Indy’s Water/Sewer Ownership Shift Proceeds Smoothly

By Jeff Griffin, Senior Editor | March 2012, Vol. 67 No. 3

The project will reduce the amount and frequency of raw sewage overflows during rains. It will include a deep tunnel system 18-feet in diameter 25-miles in length with a storage capacity of 250 million gallons. The project will extend from the Southport Advanced Wastewater Treatment Plant located in southern Marion County to a point beneath the heart of downtown Indianapolis. The Deep Rock Tunnel Connector, which will be complete in 2017, will transport wastewater from three other connector tunnels to be built by 2025.

The financial impact of the utility transition is far reaching and extends far beyond water and wastewater operations, releasing the city from 1.5 billion in public debt, with Citizens Energy Group assuming all assets and liabilities including the consent decree for the abatement of combined sewer overflows, said Dan Considine, Citizens manager of corporate communications. Citizens acquired the water system for the cost of its debt and paid the city $262.6 million for the equity in the wastewater system. A bond issue on future increases in Payment in Lieu of Taxes on the wastewater system and the retention of a wastewater general fund brought total proceeds to the city of about $425 million.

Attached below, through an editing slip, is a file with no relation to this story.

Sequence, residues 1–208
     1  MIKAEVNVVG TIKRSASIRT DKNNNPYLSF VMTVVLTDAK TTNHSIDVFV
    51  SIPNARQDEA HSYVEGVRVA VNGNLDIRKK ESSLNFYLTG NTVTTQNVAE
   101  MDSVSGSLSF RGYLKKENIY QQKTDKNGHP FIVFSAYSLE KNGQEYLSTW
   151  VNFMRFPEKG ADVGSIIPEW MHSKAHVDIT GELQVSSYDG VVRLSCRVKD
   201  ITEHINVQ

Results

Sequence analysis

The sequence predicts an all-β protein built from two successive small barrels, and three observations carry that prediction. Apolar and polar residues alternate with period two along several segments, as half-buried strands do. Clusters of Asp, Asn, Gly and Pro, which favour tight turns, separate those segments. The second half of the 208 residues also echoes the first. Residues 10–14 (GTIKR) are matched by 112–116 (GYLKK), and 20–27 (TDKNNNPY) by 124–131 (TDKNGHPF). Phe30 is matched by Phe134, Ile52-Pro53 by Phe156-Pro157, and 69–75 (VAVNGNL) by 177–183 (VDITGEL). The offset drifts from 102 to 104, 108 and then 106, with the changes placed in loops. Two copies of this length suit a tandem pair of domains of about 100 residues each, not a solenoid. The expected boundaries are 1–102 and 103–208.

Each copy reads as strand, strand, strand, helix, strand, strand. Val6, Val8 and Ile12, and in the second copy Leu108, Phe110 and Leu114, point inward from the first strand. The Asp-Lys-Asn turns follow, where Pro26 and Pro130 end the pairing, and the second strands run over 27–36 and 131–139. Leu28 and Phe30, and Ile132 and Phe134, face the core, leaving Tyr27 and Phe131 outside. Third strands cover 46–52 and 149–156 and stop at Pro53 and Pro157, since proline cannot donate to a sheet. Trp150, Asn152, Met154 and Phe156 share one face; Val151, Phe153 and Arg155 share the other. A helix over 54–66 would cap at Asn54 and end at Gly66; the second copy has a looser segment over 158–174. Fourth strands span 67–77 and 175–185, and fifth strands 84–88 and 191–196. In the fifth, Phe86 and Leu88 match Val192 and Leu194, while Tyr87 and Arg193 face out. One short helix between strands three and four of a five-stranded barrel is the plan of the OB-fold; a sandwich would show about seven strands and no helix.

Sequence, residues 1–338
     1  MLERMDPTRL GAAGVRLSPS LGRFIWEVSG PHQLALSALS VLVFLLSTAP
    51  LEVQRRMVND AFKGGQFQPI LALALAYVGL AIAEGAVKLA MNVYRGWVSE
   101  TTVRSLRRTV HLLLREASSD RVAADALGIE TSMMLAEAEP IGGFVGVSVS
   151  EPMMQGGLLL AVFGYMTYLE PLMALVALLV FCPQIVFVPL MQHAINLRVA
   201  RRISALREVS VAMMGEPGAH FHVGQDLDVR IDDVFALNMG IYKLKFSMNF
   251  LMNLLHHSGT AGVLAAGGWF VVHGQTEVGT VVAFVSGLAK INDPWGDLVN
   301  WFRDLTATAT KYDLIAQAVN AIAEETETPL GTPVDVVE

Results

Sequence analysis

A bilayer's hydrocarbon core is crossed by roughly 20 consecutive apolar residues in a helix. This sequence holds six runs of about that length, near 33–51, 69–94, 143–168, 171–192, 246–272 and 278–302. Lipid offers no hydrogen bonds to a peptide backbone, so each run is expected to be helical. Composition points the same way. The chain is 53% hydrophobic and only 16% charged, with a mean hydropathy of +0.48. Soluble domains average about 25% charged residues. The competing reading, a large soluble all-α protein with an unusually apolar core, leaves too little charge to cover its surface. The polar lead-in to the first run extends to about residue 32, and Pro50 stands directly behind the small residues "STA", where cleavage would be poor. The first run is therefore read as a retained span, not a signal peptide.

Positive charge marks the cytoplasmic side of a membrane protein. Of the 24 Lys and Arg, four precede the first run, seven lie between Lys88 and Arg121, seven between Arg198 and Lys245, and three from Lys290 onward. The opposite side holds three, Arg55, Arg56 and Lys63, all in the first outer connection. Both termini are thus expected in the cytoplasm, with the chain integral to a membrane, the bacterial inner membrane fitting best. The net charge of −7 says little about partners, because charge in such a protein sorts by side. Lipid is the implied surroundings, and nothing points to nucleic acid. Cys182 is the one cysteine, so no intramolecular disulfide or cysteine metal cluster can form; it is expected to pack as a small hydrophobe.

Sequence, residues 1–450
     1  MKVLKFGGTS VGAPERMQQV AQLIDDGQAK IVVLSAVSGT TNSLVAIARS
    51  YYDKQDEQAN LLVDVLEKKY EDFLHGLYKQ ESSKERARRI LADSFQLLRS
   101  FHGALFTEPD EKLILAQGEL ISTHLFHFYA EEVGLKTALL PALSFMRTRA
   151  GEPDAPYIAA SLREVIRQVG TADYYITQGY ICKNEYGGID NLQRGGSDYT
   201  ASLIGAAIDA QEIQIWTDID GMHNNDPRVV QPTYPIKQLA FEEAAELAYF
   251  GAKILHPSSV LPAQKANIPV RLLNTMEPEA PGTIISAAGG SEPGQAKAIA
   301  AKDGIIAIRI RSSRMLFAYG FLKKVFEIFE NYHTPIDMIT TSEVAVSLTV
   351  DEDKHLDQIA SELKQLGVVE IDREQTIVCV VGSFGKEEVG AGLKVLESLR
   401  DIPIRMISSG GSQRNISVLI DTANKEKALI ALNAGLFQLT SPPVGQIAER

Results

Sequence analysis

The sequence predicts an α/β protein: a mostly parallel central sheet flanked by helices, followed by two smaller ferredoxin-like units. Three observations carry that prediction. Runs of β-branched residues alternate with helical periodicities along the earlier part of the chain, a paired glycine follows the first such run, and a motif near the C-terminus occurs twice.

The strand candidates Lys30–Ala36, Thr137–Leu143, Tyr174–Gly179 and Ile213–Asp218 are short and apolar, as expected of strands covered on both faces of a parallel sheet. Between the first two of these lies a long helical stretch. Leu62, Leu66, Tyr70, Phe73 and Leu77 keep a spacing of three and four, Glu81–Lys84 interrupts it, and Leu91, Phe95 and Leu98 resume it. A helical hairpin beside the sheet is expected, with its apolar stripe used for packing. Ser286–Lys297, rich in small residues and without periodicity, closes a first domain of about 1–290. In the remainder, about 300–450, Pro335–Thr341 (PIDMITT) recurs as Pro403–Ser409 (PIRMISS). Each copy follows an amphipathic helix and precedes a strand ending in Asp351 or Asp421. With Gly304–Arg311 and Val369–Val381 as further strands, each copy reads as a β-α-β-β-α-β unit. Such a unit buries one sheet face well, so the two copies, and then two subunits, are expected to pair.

Those funds are being used by the Department of Public Works for unprecedented investments in public works improvements on streets, bridges, sidewalks, multi-use trails, parks and demolition of abandoned houses.

“Today marks a great day for our community,” said Indianapolis Mayor Greg Ballard, on the day the transfer became effective “This historic transfer will make Indianapolis a better place to live and do business by making our rivers and streams cleaner, bringing more consistency to these vital utilities, and saving utility customers money through rates that will be lower than they otherwise would have been. It will benefit our community for generations.”

Personal Look At The Utility Transfer

Last Aug. 26, John Morgan was assistant administrator, tunneling, Indianapolis Department of Public Works. He had served the city for nine years. The next day, he had a new office in a different building and a new title, manager of special projects,

The change wasn’t really a career move for Morgan -- it came with the transfer of Indianapolis water and wastewater services to the non-profit charitable trust, Citizens Energy Group. The transfer was very well planned and occurred without significant problems, said Morgan.

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